Like Fast Times at Ridgemont High in the early 1980s and American Graffiti a decade before that, Richard Linklater's Dazed and Confused captured a moment in time for high school kids. The cult classic film was hyper-specific in its focus on a small Texas town in 1976 but also universal enough to earn fans from differing backgrounds and generations.

Its appeal is fueled by the memorable depictions of the jocks, stoners and nerds that populate almost every high school, and the ensemble of then-unknown actors highlighted by future Hollywood heavyweights like Ben Affleck and Renée Zellweger.

But, with the possible exception of Parker Posey's freshman-tormenting Darla Marks, the film belongs to Matthew McConaughey as David Wooderson, the older, lecherous graduate with the wispy mustache on the hunt for a good buzz and those high school girls who eternally "stay the same age."

It was a signature role for McConaughey and his first appearance in a feature film, but it could easily have gone to another actor if it weren't for the serendipitous meeting that opened the door of opportunity.

McConaughey met the film's casting director at a bar

According to a Maxim oral history of the film, McConaughey, a 23-year-old film major at UT-Austin, reluctantly gave in to his girlfriend's push to go out for drinks on a Thursday night at the end of the 1992 spring semester.

Upon arriving at the Hyatt hotel bar, where they could get discounted drinks, their bartender friend pointed out another patron – casting director Don Phillips, who tapped Sean Penn for his iconic role in Fast Times – and said he was in town to produce a film. McConaughey went over to introduce himself, and the two quickly hit it off.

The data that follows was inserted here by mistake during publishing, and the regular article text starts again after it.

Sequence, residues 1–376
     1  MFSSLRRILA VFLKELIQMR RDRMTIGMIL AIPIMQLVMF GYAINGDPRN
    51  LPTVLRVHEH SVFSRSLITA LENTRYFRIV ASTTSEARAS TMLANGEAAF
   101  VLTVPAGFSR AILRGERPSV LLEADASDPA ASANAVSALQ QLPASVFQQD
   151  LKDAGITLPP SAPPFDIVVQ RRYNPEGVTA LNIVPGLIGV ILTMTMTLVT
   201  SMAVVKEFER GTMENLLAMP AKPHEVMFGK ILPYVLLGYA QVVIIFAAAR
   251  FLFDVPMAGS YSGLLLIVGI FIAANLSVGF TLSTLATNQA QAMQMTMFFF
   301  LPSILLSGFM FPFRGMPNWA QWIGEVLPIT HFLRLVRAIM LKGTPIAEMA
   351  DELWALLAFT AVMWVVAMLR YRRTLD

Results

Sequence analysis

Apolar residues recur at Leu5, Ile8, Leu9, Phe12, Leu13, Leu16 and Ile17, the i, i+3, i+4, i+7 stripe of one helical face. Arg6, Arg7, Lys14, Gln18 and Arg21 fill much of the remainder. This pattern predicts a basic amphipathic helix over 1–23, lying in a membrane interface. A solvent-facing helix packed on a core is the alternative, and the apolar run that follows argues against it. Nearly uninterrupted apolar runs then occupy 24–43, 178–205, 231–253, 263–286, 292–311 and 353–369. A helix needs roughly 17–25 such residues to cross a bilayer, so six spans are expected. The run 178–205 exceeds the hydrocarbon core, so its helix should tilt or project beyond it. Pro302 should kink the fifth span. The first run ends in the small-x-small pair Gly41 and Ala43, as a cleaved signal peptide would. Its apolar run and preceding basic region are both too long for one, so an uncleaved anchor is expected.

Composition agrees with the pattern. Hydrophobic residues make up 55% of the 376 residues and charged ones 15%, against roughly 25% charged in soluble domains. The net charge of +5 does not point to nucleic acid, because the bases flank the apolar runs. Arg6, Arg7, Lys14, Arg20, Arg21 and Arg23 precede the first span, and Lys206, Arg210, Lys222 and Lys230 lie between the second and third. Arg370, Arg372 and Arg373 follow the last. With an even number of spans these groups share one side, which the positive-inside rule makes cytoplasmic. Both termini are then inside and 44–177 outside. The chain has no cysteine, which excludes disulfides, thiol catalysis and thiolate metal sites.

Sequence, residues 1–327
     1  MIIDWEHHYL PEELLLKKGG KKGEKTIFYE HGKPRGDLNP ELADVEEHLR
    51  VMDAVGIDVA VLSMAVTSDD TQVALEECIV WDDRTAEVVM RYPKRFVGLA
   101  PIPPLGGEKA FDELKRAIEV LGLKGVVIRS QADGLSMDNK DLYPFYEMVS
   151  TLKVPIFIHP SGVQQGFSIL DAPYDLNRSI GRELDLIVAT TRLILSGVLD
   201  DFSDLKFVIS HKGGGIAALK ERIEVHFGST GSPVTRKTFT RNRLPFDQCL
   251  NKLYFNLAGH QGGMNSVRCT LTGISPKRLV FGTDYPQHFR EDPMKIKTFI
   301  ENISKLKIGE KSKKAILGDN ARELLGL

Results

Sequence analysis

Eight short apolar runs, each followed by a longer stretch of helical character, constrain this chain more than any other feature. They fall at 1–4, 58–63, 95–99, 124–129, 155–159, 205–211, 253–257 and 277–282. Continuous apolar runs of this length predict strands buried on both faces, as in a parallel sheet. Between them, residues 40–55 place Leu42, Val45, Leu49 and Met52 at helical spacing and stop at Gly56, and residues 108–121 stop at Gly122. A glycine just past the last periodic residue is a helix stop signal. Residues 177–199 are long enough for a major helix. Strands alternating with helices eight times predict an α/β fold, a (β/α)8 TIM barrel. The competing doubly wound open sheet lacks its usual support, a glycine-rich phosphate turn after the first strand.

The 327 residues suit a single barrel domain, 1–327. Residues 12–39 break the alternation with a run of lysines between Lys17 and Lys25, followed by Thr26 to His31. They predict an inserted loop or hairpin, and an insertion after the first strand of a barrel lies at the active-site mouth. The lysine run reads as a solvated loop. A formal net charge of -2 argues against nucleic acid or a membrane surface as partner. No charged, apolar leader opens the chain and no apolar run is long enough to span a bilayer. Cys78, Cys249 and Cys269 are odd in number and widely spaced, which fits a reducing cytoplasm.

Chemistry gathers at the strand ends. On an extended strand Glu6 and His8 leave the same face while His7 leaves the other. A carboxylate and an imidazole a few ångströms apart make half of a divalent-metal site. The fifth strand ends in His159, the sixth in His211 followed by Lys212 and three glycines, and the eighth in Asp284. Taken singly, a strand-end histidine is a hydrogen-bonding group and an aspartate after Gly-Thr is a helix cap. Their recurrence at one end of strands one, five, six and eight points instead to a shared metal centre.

Some four hours later, McConaughey's girlfriend was long gone, and the intoxicated and overly exuberant film student and casting director were shown the bar's exit by the bouncer. Livid, McConaughey escorted Phillips back to his room, where he called the hotel manager and demanded an apology.

Appreciating the gesture, as well as the time spent with his new friend, Phillips suggested he come try out for the role of Wooderson, as it made little sense to fly an actor in from Los Angeles for what was expected to be a minor role.

Matthew McConaughey Dazed and Confused
Matthew McConaughey in "Dazed and Confused"; Photo: Gramercy Pictures/Courtesy Everett Collection

The director initially didn't think McConaughey was right for the part

Despite Phillips' recommendation, Linklater had his doubts when McConaughey showed up to audition. The Wooderson character was supposed to be creepy, and he doubted that the athletic and handsome McConaughey was the right fit.

However, as he told Rolling Stone a few years later, Linklater was stunned when McConaughey seamlessly transformed himself into the character: "So he took a step back, shrugged his shoulders like an athlete would, his eyes kind of narrowed – a little stoned, like – a certain swagger came over him, he lost about an inch, and he’s a new guy, right in front of me, a 30-second dissolve into a new person. ... I just said, 'Hey, man, you are this guy.'"